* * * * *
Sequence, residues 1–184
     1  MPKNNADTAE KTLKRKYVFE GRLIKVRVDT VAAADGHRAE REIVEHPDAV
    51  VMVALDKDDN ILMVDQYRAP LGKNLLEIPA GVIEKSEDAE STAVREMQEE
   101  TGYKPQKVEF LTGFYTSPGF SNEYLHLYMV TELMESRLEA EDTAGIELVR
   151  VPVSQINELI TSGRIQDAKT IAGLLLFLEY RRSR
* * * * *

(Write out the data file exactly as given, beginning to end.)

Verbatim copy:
Sequence, residues 1–184
     1  MPKNNADTAE KTLKRKYVFE GRLIKVRVDT VAAADGHRAE REIVEHPDAV
    51  VMVALDKDDN ILMVDQYRAP LGKNLLEIPA GVIEKSEDAE STAVREMQEE
   101  TGYKPQKVEF LTGFYTSPGF SNEYLHLYMV TELMESRLEA EDTAGIELVR
   151  VPVSQINELI TSGRIQDAKT IAGLLLFLEY RRSR